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New helper....does not know anything about child care

  1. #1
    rs2000 is offline Registered User
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    New helper....does not know anything about child care

    Hi All,


    I have a 5 weeks old and my elder one is 4.5 years. our helper finally arrived 3 weeks back from philipines. she told us that she had worked 3 years in lebanon , caring for a family with 3 kids.

    now in terms of cleaning and general household stuff, she is fine, just slow. however when it comes to kids, she is miserable. She is very diligent and is doing something whole day, although i think she is quite slow and takes long time for things.

    For my baby, i dont expect her to handle anything for now. What I would expect her is to get my elder daughter rready for school, feed her, bring her back from school , play with her etc etc. The MAIN issue is that she is just like a robot. she would just say "...., eat your food..." "xyz!, get up for school"
    its juts a monotonous tone without any facial expression and obviously my kid never does what she says. in the begining my daughter would tell her what she did in school and other stuff, and my helper woule just say "ok..." with a plain face.
    i havent seen her smiling with my kid ever. she tries but I dont know whether those were human kids that she handles in lebanon. when it comes to baby care, she is worst. she has not idea but its fine as i dont plan to get her involved before another 3 months.

    Now what do you suggest I shall do. I have told her a few times about what my daughter likes..how can she tell her stories and also how to reply when she talks to the helper.....i have seen may be 5% improvement .,...but in the end, its me who has to do moist of my kids stuff...like 50% of the school prep, feeding her etc etc......i know my kid is obviously not a very easy kid to handle...but a robot can be a good friend of kids?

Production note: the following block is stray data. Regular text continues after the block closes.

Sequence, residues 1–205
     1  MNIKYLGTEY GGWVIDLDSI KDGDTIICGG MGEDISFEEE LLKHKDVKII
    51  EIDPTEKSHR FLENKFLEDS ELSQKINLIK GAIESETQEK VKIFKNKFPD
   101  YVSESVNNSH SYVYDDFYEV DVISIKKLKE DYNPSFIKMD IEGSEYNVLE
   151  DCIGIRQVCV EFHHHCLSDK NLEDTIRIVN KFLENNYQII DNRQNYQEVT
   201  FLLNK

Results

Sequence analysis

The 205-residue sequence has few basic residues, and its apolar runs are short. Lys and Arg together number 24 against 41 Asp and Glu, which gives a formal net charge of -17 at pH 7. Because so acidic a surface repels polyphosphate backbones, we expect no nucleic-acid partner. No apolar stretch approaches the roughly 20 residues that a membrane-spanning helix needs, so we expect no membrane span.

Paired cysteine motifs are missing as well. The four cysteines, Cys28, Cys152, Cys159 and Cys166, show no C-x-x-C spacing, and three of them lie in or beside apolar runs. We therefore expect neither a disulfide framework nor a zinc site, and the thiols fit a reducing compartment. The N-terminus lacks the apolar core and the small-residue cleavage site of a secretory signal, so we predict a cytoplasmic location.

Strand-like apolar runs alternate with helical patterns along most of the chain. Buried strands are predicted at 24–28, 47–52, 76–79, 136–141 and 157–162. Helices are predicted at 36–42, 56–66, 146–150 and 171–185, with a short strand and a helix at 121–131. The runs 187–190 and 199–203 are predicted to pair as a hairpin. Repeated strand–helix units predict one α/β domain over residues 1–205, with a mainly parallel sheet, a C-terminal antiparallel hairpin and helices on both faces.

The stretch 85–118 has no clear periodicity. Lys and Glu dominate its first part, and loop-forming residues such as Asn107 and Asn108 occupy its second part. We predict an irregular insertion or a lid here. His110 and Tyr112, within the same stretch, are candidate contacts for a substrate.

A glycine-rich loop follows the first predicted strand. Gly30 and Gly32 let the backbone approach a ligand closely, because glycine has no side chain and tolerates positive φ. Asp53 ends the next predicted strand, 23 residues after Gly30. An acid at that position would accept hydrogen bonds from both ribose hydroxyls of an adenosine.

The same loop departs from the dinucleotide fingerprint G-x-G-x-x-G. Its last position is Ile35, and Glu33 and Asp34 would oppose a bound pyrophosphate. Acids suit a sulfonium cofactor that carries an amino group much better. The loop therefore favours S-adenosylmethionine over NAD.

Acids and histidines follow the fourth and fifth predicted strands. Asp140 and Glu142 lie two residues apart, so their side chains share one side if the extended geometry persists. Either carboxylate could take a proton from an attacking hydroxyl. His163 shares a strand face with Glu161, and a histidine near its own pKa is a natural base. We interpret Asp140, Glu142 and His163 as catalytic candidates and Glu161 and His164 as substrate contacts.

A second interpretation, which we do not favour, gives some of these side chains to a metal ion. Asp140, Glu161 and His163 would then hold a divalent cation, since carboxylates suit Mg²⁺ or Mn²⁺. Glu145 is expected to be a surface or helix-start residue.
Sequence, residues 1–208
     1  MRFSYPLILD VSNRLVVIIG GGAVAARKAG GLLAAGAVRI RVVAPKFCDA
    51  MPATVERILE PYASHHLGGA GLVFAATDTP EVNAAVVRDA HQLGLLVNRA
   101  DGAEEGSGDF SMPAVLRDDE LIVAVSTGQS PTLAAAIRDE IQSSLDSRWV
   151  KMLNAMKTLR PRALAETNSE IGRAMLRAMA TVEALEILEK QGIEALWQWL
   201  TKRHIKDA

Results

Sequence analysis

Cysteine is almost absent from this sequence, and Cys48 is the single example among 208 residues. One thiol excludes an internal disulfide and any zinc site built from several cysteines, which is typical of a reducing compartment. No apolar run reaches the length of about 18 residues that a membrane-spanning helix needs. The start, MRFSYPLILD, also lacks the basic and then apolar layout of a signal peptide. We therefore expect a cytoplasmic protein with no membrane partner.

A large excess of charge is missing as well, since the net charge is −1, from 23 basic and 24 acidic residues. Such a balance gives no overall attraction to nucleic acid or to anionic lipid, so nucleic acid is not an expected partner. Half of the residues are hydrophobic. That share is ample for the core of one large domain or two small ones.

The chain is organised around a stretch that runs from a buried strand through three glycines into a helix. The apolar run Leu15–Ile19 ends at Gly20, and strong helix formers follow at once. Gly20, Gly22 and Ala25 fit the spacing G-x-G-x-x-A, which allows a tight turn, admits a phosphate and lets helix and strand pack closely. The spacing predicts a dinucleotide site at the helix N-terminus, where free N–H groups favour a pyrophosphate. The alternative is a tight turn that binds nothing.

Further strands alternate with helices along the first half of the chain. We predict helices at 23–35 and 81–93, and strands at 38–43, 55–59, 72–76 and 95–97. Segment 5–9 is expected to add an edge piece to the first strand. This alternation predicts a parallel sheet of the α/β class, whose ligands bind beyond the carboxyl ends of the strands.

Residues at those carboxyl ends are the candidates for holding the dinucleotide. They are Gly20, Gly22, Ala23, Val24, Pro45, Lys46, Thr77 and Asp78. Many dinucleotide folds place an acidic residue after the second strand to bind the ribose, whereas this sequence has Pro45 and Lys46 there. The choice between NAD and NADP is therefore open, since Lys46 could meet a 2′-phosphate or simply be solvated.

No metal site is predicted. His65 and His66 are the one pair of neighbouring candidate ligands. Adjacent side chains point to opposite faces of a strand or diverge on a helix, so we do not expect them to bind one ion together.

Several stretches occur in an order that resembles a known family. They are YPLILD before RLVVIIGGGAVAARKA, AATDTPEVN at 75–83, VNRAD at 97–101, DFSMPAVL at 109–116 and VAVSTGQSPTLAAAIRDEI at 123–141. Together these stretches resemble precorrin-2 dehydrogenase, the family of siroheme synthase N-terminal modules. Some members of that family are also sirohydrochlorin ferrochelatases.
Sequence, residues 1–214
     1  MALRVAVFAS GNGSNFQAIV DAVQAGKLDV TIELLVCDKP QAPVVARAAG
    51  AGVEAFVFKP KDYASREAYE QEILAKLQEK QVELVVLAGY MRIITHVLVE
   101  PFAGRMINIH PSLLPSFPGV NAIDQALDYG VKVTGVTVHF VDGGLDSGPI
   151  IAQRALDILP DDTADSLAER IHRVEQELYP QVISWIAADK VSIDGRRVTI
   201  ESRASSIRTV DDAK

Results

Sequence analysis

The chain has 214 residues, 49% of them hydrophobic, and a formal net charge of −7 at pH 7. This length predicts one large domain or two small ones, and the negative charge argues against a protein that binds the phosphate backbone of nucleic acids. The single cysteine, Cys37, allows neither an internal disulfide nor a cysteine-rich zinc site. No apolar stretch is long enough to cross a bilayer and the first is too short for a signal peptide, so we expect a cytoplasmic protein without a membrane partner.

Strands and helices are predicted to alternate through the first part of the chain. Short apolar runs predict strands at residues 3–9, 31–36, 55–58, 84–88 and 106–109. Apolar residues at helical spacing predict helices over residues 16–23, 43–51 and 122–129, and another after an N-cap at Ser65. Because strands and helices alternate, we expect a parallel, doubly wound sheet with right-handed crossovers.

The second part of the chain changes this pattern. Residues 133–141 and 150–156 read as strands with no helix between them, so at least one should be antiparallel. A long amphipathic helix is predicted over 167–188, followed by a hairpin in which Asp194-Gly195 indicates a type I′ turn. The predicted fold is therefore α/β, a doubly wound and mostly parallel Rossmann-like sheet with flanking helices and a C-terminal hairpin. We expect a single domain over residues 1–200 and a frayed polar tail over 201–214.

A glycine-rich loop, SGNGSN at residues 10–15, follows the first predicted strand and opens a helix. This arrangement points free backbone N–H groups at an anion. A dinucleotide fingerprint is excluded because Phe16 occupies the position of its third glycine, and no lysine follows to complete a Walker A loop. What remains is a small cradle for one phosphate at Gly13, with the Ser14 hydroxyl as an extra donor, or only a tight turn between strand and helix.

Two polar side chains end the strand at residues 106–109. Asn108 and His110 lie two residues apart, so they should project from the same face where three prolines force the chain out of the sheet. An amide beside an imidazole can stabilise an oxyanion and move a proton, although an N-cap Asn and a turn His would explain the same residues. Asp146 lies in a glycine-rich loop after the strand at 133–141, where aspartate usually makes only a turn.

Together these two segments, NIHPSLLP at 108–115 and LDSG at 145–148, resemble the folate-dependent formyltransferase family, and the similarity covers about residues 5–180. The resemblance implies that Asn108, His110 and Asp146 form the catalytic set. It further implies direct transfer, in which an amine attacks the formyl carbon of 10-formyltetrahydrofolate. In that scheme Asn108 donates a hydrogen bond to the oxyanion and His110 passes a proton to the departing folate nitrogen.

please suggest how shall I train her up?do you think she can get better? changing her is'nt an easy option. I have paid 5-6k for all her expenses and insurance till now. and then i will have t pay another 5k to send her back.
    and with 2 kids, it would be a nightmare to wait for the next one (who noone knows will be better ?)

    i am just frustrated.........and finding ways to make the situation better...btw she is good at cleaning, laundry and anything which is simple, repititive and mechanical. cooking, childcare are hers worst skills.........

  2. #2
    ssheng is offline Registered User
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    First off, try to relax, because at 5 weeks post partum, you are likely also suffering from being overwhelmed and cooped up while you are in recovery. In some ways timing is the real issue here - your new helper arrived just as you returned from the hospital, and is just getting to know you and your family while you are in a brand new situation yourself with a newborn.

    She has only been with you for a few weeks, again, a few potentially chaotic weeks with a new baby in the house, and her entirely new to Hong Kong with probably no friends, so there is plenty of time to train her and integrate her into your family. Try to remind yourself of what she is there to do - not to be another version of you, but to help you, and therefore of course she will not do anything relating to your children better than you at the moment.